Born 1951 in Hartford, Connecticut; lives in Los Angeles, California
James Welling has long engaged a mediated—or in his own words, a “ventriloquist”— photographic practice that frequently takes photographic norms or the representational field itself as its subject. In the early 1980s Welling was situated alongside appropriation artists including Sherrie Levine, Richard Prince, and Cindy Sherman; they all eschewed claims of verist documentation (and the fantasy of transparency that subtends it) and modernist aesthetic autonomy in favor of deconstructive criticality. Perhaps best known for his early nonreferential studio photographs of such mundane materials as phyllo dough and aluminum foil, however, Welling—unlike his peers—has long investigated the possibilities of abstraction. The exposed chromogenic paper Degradés (1985–2008) recall Color Field painting; his Hexachromes (2005) render uncanny everyday spaces through aurora borealis–like eruptions of color.
An even more apt characterization of Welling’s practice might be that, as Rosalind Krauss contends, his photographs hold “the referent at bay, creating as much delay as possible between seeing the image and understanding what it was of.” Written in 1989 vis-à-vis his early works, this argument is equally relevant to the artist’s recent projects, including the Quadrilaterals (2006) and War (2005) series, both generated using Maya graphics software to create fields of shattered abstract shapes in which spatial confusions and perceptual ambiguities predominate. And while content is clear in his Glass House photographs (2007–08) of architect Philip Johnson’s renowned Connecticut home, the manner of one’s apprehension of it is not: using colored gels and lens flares, Welling physically intercedes in his visual images to create effects such as turning the green grass red (effects more typically rendered digitally today).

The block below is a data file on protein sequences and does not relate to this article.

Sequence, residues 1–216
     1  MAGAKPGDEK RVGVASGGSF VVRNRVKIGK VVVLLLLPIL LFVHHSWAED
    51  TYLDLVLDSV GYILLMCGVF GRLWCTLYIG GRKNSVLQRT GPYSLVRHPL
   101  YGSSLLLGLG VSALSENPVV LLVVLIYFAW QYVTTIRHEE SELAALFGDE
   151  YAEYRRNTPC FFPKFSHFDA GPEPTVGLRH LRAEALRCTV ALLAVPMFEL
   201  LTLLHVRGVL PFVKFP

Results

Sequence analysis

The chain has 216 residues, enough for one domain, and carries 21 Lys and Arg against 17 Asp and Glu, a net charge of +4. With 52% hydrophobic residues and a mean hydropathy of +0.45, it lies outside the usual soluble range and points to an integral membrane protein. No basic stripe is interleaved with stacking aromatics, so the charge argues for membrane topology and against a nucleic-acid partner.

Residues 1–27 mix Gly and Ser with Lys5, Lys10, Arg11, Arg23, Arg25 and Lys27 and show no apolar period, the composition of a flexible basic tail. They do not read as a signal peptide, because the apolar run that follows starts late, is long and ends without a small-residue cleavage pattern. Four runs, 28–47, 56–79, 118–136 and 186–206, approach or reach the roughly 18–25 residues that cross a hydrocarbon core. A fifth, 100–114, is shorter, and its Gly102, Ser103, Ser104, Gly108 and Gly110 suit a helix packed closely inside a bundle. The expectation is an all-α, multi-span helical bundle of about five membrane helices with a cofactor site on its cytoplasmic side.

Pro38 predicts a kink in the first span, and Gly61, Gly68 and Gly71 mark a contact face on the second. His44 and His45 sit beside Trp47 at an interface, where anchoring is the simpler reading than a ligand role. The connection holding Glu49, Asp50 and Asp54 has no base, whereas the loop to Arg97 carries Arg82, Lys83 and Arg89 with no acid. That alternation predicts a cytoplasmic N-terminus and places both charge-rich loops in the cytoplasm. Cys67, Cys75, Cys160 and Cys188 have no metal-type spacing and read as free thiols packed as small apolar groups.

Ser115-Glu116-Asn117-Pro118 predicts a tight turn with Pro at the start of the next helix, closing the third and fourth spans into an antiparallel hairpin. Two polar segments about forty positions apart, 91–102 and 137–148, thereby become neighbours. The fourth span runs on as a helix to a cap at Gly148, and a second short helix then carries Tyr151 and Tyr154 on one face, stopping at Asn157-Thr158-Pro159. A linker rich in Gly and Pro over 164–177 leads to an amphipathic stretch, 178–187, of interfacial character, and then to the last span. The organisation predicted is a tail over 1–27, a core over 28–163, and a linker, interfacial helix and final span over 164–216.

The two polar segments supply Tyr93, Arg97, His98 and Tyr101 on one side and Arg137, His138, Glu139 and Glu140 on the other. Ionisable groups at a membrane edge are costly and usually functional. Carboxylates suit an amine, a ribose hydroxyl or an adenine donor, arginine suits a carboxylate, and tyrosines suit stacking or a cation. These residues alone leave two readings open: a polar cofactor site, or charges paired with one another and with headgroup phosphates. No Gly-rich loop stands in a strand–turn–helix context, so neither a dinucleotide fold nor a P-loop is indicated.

So too in Welling’s photogram series Torsos (2005–08) do complexities manifest. He cut screening, of the same type used for windows, to follow bodily contours and placed them on chromogenic paper before exposing them. Folded, curled, and billowing up from the paper ground, the wavy-edged mesh scraps produce lushly variegated passages while also revealing an obdurate materiality through their density, thickness, and permeability to light. Without being hostile to photography, Welling nonetheless has obviated traditional models of pictorialism. Tactility is privileged above opticality, as he turns away from perspective and optics to reground the medium in its fundamental bases of touch, pressure, and weight. (As has often been noted, photography literally means “drawing with light” and is not etymologically related to any mechanical means.) To cite Welling in a 2003 Artforum interview: “In retrospect, I see that there’s no escape from the history of photography.” SUZANNE HUDSON
James Welling, Torso 3, 2008. Chromogenic print, 57 1/2 x 47 in. (146.1 x 119.4 cm). Collection of the artist